Faculty Focus: Dr. Rebecca Edgeworth, School of Physician Assistant Studies
Before becoming a doctor, Rebecca Edgeworth always knew she would have a career in medicine.
“I thought a lot about what my role would be in medicine and thought that being a doctor would be where I could make the most impact,” she said.
As the daughter of an Air Force father, Edgeworth was born in Las Vegas but lived in several states across the U.S., including Nebraska, Alabama, Florida, Texas, and Georgia.
For medical school, Edgeworth attended the University of South Florida (USF) in Tampa, the place where she fell in love with internal medicine. It’s also where she learned the importance of educating others about why they should give back to the people in their community.
“Florida has an older and very sick population, so I really learned to appreciate internal medicine there,” she said. “In medical school, I worked at a clinic for uninsured, low-income residents in the community. It made a huge impact on me. My experience in that clinic inspired me to help educate others why that work is so important.”
After medical school, Edgeworth returned to Southern Nevada to complete her internal medicine residency at UMC. She said doing her residency far from where she went to school gave her an advantage, especially during her experience with UMC’s transient population.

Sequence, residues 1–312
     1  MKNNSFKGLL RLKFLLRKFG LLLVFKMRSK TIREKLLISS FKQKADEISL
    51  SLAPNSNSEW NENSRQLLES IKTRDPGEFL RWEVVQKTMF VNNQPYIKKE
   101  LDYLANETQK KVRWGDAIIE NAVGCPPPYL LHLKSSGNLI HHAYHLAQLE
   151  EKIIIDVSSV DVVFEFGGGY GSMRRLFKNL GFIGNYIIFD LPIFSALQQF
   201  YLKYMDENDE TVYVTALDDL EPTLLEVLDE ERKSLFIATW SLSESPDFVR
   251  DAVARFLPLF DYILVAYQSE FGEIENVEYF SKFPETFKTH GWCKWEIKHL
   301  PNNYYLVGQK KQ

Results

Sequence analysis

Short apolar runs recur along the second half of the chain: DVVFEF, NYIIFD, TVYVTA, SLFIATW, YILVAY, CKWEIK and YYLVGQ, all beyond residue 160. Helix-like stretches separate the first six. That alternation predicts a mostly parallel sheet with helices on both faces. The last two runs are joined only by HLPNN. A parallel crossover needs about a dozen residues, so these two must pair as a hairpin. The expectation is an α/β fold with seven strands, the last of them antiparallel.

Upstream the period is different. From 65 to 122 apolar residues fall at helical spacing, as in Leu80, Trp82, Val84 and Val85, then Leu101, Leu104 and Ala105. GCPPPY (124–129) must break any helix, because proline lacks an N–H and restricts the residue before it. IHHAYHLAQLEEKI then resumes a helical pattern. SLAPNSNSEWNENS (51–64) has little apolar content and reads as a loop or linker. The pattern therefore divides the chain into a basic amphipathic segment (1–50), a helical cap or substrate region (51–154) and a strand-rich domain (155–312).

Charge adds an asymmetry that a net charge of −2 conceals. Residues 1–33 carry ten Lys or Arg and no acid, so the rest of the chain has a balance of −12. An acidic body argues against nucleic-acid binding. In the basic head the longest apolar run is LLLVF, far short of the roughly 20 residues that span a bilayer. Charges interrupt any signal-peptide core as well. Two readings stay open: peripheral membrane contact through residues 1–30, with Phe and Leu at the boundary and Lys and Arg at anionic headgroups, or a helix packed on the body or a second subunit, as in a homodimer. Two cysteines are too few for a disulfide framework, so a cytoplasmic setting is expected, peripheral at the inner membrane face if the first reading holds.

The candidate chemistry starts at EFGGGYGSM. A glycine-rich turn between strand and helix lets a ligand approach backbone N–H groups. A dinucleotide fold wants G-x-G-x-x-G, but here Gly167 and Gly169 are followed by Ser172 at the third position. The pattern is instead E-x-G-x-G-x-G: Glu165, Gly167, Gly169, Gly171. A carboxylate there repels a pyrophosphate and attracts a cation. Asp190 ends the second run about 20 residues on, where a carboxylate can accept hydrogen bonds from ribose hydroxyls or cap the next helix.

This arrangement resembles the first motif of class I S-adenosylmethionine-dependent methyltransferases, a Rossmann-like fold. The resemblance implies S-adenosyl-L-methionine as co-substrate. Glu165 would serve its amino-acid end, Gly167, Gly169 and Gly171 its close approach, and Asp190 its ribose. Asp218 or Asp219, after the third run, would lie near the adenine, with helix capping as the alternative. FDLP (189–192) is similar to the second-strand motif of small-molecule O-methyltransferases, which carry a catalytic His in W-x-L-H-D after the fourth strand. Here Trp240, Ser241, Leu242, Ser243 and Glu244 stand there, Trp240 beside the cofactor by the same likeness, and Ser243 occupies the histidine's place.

“I felt like I had double the learning experience getting to come back home,” she said. “The opportunity to learn at UMC was amazing. There were plenty of high-acuity patients, and it was a very academic setting. There was great diversity among the population, including working with the LGBTQ population which was much more diverse than in other cities.”
Before joining Touro University Nevada as an Assistant Professor in the School of Physician Assistant Studies, Edgeworth spent seven years as the Medical Director at Volunteers of Medicine of Southern Nevada (VMSN).
Similar to the clinic where she volunteered as a medical student, VMSN is a free clinic for Southern Nevada’s uninsured residents. As medical director, Edgeworth worked as a clinical instructor for Touro’s physician assistant (PA) and osteopathic medical (DO) students.
She also spearheaded the clinic’s outreach initiatives and partnerships within the community. She’s excited to help with Touro’s outreach efforts while teaching students the same lessons she learned in medical school.
“I think exposing students early in their education to underserved populations is incredibly important to connecting them to the community,” she said. “It gives them a more realistic view of what others are going through.”
Having worked with Touro’s PA students and faculty as VMSN’s Medical Director, Edgeworth is already settling in as the program’s newest Assistant Professor.
“I’m very excited to prepare students for their clinical experiences. I want to help educate them about important topics like cultural competence and low-health literacy,” she said. “I just enjoy teaching students a love for caring for the people in their community.”Learn More About Touro's PA Program